Interestingly, writer-director Jim Jarmusch (Stranger than Paradise, Coffee and Cigarettes) says that Don Johnston, a character he wrote expressly for Murray, is the first protagonist in any of his films that he hasn't felt much empathy for: "I don't even like him. That's very unusual for me. In all my films, no matter how damaged or socially inept characters may be, I really feel for them. I love them. I don't love Don Johnston." But because he wanted to like his character, Jarmusch spent weeks editing the film's last few reels before he even looked at the first ones: "I didn't feel for him in the beginning, but I want to feel for him in the end."
Jeffrey Overstreet (Christianity Today Movies) has high praise for the film, and especially for its mysterious ending. He says, "To regular moviegoers, it will feel like an art film; to art house patrons, it will feel mainstream. They'll both be right. It's a film that follows a simple storyline, and yet seizes every opportunity to turn a cliché into something slightly dissatisfying, slightly sour, with deep emotions and complicated thoughts running in barely perceptible currents under the sparse dialogue … Glamour? It fades and reveals the emptiness beneath it. Success? It's no substitute for contentment. New Age hocus-pocus? Yikes … Mature viewers who give Broken Flowers a chance may find themselves refreshed by a movie that invites them to ponder a common experience of regret, to 'weep with those who weep,' and to contemplate the possibility of redemption and grace."
Harry Forbes (Catholic News Service) is similarly impressed: "Bill Murray gives an understated performance that tops his outstanding work in Lost in Translation, and independent filmmaker Jim Jarmusch makes arguably his most commercial movie to date in Broken Flowers … The performances are fine, beautiful character portrayals all, and Murray—tousled and deadpan—is luminous, while seemingly doing nothing at all. He conveys Don's ennui, loneliness and desire to reach out not only to the women, but to a couple of male teenagers whom he thinks just may be the putative son."
Thomas Hibbs, a Catholic philosopher who occasionally covers film for National Review, also likes Murray's deadpan performance, but he is less impressed by the film's conclusion: "Not long into Johnston's journey, viewers will begin to wonder, how are they possibly going to end this thing? And the conclusion, with multiple suggestions as to what the answer to the mystery letter might be, falls flat. In this respect, Flowers is inferior to Lost in Translation, which faced a similar dilemma in its final frames, where the dramatic question concerns what do with the aging Murray's burgeoning affection for a much younger woman. That film managed to find just the right way of framing the uncertainty, of formulating the question in concise and dramatically satisfying way. Although Broken Flowers runs out of steam, Murray's mesmerizing performance is still enough to make this film the most captivating of the summer."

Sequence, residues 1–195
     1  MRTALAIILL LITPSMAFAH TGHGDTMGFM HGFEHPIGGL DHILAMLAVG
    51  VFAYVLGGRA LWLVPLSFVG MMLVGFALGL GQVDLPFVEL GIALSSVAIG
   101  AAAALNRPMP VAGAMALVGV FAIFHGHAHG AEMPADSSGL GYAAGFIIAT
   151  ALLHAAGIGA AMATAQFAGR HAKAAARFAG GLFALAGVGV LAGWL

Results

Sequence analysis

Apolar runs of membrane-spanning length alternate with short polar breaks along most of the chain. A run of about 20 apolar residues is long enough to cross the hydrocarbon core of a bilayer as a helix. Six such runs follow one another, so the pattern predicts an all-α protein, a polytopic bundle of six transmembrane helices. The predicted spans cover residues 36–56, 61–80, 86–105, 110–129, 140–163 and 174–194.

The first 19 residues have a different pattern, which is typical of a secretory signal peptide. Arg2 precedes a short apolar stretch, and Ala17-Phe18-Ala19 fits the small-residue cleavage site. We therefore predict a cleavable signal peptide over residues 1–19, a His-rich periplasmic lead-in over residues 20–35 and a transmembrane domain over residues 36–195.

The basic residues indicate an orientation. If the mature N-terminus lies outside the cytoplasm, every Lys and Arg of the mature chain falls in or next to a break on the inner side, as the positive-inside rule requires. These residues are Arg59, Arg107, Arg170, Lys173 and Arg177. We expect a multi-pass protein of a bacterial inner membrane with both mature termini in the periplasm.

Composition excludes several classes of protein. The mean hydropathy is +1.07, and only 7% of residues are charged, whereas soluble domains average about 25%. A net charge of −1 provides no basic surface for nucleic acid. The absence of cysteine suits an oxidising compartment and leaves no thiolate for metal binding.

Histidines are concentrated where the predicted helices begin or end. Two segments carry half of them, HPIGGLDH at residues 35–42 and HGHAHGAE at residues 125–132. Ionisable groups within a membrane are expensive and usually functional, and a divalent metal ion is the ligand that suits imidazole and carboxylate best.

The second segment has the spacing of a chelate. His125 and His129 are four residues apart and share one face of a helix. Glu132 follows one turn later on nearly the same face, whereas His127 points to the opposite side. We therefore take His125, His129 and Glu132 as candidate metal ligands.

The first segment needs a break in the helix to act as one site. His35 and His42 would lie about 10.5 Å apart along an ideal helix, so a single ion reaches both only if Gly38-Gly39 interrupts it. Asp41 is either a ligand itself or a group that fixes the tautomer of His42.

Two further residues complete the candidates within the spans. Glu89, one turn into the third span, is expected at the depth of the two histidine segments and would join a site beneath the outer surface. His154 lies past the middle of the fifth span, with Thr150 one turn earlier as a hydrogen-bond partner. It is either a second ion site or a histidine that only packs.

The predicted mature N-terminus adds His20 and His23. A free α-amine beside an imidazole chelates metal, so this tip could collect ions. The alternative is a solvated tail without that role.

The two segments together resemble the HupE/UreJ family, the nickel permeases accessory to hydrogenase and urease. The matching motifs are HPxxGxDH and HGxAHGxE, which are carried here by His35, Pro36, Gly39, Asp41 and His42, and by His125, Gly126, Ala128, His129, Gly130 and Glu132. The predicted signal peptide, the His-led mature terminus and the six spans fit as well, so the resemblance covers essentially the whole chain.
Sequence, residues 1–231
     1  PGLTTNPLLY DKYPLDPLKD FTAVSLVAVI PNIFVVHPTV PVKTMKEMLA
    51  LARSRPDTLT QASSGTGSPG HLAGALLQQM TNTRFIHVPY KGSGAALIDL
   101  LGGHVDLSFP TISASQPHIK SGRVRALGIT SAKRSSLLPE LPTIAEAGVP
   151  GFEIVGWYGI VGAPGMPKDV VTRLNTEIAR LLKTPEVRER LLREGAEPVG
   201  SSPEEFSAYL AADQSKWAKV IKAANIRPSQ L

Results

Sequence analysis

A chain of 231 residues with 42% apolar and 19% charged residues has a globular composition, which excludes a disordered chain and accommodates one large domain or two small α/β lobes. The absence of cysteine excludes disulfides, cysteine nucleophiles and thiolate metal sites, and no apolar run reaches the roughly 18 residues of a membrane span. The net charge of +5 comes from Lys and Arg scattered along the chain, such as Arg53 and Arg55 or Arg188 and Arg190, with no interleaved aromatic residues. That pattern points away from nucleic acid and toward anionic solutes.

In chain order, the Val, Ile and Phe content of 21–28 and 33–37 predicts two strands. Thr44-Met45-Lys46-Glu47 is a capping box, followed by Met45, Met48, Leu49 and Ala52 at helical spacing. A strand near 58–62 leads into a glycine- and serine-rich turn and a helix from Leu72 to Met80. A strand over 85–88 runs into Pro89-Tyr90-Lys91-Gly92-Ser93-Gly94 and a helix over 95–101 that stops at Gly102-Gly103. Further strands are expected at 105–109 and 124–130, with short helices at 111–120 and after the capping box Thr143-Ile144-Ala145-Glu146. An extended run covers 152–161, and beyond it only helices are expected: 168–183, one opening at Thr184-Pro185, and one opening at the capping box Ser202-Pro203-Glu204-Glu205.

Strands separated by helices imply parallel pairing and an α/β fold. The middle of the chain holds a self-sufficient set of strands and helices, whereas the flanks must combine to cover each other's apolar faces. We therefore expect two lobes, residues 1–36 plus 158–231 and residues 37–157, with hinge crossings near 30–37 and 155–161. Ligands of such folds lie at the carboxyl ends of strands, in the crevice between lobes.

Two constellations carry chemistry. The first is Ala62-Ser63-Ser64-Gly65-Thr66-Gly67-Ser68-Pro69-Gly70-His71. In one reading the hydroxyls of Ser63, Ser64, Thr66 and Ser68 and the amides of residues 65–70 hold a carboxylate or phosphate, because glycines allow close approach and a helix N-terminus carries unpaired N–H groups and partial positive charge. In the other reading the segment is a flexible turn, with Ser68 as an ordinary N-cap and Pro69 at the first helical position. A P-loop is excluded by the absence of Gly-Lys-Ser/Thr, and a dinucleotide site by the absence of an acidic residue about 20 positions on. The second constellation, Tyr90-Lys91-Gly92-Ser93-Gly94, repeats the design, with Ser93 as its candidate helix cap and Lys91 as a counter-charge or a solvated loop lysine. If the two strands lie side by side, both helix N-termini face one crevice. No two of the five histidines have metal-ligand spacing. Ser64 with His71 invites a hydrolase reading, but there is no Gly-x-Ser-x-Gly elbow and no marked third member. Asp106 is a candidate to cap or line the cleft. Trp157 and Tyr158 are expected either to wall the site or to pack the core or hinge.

Mainstream critics are sending the film roses.
Raves All Around for Duma.
Fans of Carroll Ballard's animal-themed family films (The Black Stallion, Fly Away Home) may want to see his newest film, Duma, about a cheetah that is raised by humans, and then is taken on a dangerous journey back into the wild after its human family has moved to Johannesburg. The film reunites Campbell Scott and Hope Davis (The Impostors, The Secret Lives of Dentists) as the parents of the boy who takes the cheetah home.
Mary Lasse (Christianity Today Movies) says the film is "one of Hollywood's better attempts at live-action family-friendly fare … Duma is chock full of themes: the joys of childhood, the pains of growth, the importance of friends and family, reconciliation in relationships, the wildness of animals and humans—you name it, this film's got it. But screenwriters Karen Janszen and Mark St. Germain did not include the various themes carelessly. They weaved a story in which a life's quest makes or breaks a person. Their script gives credence to the intelligence of its target market. Children deserve movies that make them think and that are not 'dumbed down' to get cheap laughs. Kids are savvy consumers; they will know when a film is well-made and thoughtful."